According to an old Chinese proverb, “The best time to plant a tree is 20 years ago. The second best time is now.” Because of all the many benefits detailed above, the same could be said about the best times to add plants to your office. But which plants should you get? We’re glad you asked. We curated this top-10 list based on the type of plants’ upkeep, health benefits, and ability to survive indoors.

  1. Rubber Tree Plant: This plant has nice, shiny leaves and doesn’t require much care. Just put it near a window—but not in direct sunlight. You will need to water it enough to keep the soil moist in the spring, but during other seasons, it probably only needs to be watered once or twice per month.
  2. English Ivy Plant: If you’re particularly interested in plants’ air-filtering abilities, add an English Ivy Plant to your office. NASA scientists have designated this plant as the best for filtering chemicals out of the air, even formaldehyde, which can show up in paint, floor finishes, cosmetics, and wallpaper. These plants don’t thrive in drafty environments and need warmth and sunlight to stay alive.
  3. Peace Lily: If your office doesn’t have much sunlight, considering getting some Peace Lilies, which actually grow better in the shade. Its soil just needs to stay moist, so you don’t need to water it often.
  4. Spider Plant: Not every office has the desk space for a lot of potted plants. The Spider plant looks great in a hanging basket or on a high shelf. This plant is also known for improving air quality by reducing the presence of dust, which can help employees prone to allergies.
  5. Parlor Palm: These plants are great if you’re looking for office foliage that’s not going to break the bank. Parlor Palms don’t cost much, but they’re not for every office. They require bright sunlight to thrive and prefer environments 68 degrees Fahrenheit or warmer.
  6. Snake Plant: Some employees, such as video editors, have to work in dark or low-light environments. A plant could help cheer up the environment, but most plants don’t do well without sunlight. The Snake Plant is an exception. It not only grows just fine in low-light environments but also doesn’t require watering more than once per month. Snake Plants are also known for absorbing formaldehyde, toluene (found in shoe polish), and other chemicals.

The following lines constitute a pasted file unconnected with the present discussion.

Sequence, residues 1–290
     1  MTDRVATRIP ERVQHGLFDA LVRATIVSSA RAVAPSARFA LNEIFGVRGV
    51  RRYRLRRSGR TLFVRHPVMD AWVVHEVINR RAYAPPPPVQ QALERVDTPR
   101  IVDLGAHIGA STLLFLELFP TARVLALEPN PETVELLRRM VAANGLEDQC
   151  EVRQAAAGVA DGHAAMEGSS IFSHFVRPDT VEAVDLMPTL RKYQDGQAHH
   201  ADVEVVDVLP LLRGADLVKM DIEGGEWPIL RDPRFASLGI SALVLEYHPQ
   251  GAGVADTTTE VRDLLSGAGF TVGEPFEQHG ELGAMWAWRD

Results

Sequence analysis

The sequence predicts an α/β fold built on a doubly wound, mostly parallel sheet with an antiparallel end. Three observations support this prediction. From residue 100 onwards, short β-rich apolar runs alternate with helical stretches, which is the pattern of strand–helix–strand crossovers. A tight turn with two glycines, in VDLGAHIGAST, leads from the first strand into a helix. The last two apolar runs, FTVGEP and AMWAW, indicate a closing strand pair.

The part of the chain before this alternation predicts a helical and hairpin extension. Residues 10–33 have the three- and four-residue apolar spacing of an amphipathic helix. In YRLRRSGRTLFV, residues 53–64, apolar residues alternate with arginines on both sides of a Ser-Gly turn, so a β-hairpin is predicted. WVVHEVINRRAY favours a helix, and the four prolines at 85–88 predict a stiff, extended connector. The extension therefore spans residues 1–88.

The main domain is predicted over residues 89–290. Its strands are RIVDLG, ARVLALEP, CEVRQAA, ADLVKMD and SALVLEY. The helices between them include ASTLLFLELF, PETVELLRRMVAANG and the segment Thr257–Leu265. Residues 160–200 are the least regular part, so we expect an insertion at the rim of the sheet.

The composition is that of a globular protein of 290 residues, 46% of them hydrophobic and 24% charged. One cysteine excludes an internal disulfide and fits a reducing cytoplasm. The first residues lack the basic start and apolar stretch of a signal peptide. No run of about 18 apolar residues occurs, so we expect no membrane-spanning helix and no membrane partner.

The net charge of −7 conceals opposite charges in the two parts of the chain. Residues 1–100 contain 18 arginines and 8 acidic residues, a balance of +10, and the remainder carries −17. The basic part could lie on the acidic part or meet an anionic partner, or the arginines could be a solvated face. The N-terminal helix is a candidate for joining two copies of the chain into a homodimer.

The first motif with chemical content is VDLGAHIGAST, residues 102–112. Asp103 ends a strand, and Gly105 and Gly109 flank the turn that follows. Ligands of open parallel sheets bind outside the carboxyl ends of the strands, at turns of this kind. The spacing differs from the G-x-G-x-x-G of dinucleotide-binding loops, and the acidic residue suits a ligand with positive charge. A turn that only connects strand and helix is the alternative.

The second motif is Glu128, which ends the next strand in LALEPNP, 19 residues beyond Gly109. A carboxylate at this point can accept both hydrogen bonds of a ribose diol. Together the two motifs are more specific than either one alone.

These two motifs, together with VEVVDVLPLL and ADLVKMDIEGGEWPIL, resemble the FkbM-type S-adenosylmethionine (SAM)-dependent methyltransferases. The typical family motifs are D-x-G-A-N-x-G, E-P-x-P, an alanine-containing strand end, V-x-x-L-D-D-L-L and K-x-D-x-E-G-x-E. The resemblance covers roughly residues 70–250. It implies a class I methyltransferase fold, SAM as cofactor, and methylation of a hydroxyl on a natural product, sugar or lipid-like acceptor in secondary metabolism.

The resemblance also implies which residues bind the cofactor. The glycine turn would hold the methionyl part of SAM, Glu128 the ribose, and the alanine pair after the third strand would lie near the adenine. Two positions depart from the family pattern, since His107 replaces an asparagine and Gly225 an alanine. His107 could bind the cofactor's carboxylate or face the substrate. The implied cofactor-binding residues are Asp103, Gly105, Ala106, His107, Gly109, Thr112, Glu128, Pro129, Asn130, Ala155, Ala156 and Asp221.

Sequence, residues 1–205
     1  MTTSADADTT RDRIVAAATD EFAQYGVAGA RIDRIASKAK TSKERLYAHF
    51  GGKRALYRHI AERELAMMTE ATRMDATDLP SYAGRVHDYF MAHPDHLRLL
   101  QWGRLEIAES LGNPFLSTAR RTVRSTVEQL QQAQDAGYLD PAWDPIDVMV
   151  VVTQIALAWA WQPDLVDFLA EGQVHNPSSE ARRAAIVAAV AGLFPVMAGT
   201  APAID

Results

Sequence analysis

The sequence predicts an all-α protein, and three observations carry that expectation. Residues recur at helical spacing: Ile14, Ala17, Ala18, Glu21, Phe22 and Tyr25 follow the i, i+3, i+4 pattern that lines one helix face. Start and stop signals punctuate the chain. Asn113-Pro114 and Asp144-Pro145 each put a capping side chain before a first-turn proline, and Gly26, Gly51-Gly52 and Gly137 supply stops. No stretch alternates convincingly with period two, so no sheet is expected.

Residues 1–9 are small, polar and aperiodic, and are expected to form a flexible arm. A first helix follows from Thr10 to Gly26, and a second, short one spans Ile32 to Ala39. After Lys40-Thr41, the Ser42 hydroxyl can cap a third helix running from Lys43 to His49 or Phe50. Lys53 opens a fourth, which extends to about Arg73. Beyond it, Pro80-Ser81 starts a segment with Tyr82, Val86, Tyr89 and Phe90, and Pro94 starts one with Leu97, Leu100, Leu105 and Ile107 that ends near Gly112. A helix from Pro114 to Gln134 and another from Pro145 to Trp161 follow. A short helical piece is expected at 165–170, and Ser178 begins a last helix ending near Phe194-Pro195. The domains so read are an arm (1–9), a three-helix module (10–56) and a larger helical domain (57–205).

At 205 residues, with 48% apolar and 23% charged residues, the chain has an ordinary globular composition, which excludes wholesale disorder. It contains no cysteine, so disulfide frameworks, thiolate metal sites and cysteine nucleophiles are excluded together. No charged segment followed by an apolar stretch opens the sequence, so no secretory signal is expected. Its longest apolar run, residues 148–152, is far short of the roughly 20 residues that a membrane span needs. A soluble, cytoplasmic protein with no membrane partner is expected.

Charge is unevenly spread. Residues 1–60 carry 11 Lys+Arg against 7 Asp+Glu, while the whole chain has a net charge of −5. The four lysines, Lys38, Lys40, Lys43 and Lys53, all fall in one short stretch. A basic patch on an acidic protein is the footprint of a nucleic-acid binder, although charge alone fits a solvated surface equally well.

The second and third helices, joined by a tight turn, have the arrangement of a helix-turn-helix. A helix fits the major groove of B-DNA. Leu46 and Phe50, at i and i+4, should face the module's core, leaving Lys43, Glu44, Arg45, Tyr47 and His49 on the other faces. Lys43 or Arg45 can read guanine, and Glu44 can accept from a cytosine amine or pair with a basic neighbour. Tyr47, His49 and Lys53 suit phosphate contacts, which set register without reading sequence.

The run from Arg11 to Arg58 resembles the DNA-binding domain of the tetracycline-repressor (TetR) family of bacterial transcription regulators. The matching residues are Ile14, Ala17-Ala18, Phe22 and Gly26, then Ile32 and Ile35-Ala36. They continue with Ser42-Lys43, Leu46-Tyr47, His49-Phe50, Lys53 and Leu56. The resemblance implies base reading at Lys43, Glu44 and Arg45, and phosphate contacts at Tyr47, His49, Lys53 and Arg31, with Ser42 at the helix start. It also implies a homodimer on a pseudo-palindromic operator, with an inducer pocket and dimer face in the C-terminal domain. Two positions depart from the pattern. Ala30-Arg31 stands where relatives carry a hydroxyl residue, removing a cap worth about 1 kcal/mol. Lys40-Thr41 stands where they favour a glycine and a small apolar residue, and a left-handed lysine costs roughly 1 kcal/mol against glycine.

7. Lemon Balm: If you’re looking for a plant that can boost morale, look no further than Lemon Balm, according to an Ohio State University study. These plants can grow in either sunny or shady locations, so it may be a good choice for office environments with varying light conditions.
  8. Aloe Plant: What if you’re always traveling and don’t have time to take care of a plant? Aloe plants live in the desert, so as long as you leave them in the sun, you don’t have to water them much at all. If you notice any brown spots on your Aloe plant, that means it’s taking in harmful chemicals from the air!
  9. Cast Iron Plant: This plant thrives in cool conditions, so don’t worry if you have a chilly office! It’s a hardy plant that doesn’t require much watering, except during the spring. If you keep it in a darker area, it doesn’t need to be watered as often.
  10. Philodendron: These plants grow in pots or hanging baskets and need to be watered a few times per week. Research from University of Technology, Sydney, shows that philodendrons might be good for your health. As a bonus, they’re very low maintenance and difficult to kill.

Buying Office Plants

While you can purchase plants for your desk and office anywhere from a local grocery store to a big box retailer, you’re better off paying a little better to purchase from a nursery, farmers market, or trusted garden store. Plants that are raised in poor conditions are less likely to thrive over time. Most retailers keep plants in their basements for weeks at a time before they reach shelves!